The Corcoran Gallery of Art

Published by at under Washington DC

After Octagon House detour, backtrack east on New York Avenue to State Place to 17th Street NW. Turn right on 17th and walk south. The impressive Beaux Arts building hugging the street on the right is The Corcoran Gallery of Art.

Pink Millford granite covers the basement level; brick faced with white Georgia Cherokee marble covers the upper levels.  It exudes elegance, inside and out.

Walk midway down 17th Street NW to the entrance. Make your way past the 8 foot bronze Canova Lions lounging in the sun to experience the rotating exhibits inside – of one of the finest collections of 18th, 19th and 20th century American art anywhere, as well as an impressive collection of European art – plus the Salon Doré, an entire gilded Louis XVI salon transported here from Paris by way of the home of donor, Senator William Andrews Clark of Montana.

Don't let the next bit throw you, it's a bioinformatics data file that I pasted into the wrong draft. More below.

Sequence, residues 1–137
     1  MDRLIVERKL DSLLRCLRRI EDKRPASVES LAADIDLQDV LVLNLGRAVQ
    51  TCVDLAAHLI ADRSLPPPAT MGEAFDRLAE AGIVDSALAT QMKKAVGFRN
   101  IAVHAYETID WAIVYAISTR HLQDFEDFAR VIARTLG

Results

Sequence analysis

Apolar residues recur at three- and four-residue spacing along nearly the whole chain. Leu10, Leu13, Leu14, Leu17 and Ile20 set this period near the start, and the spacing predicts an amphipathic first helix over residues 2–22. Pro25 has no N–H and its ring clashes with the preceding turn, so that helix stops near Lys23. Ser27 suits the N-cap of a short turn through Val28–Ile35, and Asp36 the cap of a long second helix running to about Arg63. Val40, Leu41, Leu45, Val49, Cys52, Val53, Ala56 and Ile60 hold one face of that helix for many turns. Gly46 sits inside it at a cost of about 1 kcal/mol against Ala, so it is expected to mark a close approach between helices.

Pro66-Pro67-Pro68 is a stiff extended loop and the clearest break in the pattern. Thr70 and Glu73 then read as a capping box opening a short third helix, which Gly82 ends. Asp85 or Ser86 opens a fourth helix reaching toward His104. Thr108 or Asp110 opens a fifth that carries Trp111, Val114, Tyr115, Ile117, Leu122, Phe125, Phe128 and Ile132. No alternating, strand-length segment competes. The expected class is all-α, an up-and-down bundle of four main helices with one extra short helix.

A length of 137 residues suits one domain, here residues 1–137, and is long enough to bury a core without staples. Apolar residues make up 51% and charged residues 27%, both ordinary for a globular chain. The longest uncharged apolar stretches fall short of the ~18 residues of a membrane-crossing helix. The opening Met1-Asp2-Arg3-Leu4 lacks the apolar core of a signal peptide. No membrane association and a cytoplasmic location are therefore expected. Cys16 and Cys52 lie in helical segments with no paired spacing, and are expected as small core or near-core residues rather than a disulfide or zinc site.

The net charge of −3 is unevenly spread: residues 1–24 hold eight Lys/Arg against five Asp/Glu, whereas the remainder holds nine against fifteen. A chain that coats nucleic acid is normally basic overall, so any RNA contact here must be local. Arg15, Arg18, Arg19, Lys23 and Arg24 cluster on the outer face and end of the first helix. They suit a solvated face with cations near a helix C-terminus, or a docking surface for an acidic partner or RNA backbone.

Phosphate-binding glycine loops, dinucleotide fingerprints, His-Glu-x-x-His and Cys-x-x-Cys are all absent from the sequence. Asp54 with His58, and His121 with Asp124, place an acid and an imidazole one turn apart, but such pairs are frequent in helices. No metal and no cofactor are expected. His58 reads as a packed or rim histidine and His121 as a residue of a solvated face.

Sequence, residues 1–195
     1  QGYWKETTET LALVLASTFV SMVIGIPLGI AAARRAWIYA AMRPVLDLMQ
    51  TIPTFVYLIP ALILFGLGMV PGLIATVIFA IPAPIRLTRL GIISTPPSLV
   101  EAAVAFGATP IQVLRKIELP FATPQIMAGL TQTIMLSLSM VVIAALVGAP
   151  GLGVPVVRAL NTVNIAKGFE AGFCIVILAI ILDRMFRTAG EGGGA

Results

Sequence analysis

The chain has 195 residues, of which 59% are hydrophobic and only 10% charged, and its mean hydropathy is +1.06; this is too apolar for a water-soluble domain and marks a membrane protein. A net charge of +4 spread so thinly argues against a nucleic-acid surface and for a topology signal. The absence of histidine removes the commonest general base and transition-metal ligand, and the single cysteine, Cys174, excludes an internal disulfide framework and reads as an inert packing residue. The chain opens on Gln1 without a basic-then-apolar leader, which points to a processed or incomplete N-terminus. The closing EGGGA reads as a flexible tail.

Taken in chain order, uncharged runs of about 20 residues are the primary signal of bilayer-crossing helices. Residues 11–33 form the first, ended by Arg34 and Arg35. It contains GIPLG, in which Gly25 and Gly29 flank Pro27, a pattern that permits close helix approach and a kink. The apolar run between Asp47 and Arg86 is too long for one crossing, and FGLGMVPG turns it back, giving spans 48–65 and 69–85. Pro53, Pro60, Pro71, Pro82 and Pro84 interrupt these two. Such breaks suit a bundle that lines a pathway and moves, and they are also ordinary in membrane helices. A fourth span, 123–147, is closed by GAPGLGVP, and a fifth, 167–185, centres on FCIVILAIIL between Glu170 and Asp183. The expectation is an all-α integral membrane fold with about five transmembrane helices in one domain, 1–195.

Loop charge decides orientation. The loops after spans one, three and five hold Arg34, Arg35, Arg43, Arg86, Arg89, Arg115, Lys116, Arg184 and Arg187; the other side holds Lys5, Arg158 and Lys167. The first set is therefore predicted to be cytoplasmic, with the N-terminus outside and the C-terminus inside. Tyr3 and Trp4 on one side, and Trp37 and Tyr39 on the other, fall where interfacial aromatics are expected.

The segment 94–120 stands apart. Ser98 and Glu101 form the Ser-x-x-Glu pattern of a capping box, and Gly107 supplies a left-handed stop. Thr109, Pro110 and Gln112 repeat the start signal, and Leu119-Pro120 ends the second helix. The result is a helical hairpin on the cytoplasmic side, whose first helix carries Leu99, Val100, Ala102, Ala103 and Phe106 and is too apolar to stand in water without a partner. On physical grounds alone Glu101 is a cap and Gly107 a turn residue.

The American exhibits include fine 18th century portraiture; Remington’s action-packed bronzes; distinctive paintings of Whistler, Sargent and Homer; landscapes from the Hudson River School; and the contemporary art of Warhol and Rothko.

The European exhibits include the works of Dutch and Flemish artists and French Impressionists gifted over the years by Senator Clark and other generous benefactors.

Since The Corcoran Gallery of Art began exhibiting its wonderful collection, first in 1871 in the 2nd Empire gem, now the Renwick (Site #33) , and later in 1897 in this magnificent building, it has remained true to the objectives of its founder, 19th century banker and philanthropist William Wilson Corcoran: to have a public gallery “for the purposes of encouraging America Genius.”

Allow about 1 hour to enjoy the gallery. It’s open Wed-Sunday 10-5. Plan to lunch at the Café des Artistes inside, open 11-2 Wed-Sat.  For a real treat, try it for brunch on Sundays – and tour the gallery before or after.

Telephone: 202-639-1700


Address: 500 Seventeenth Street NW, Washington, DC

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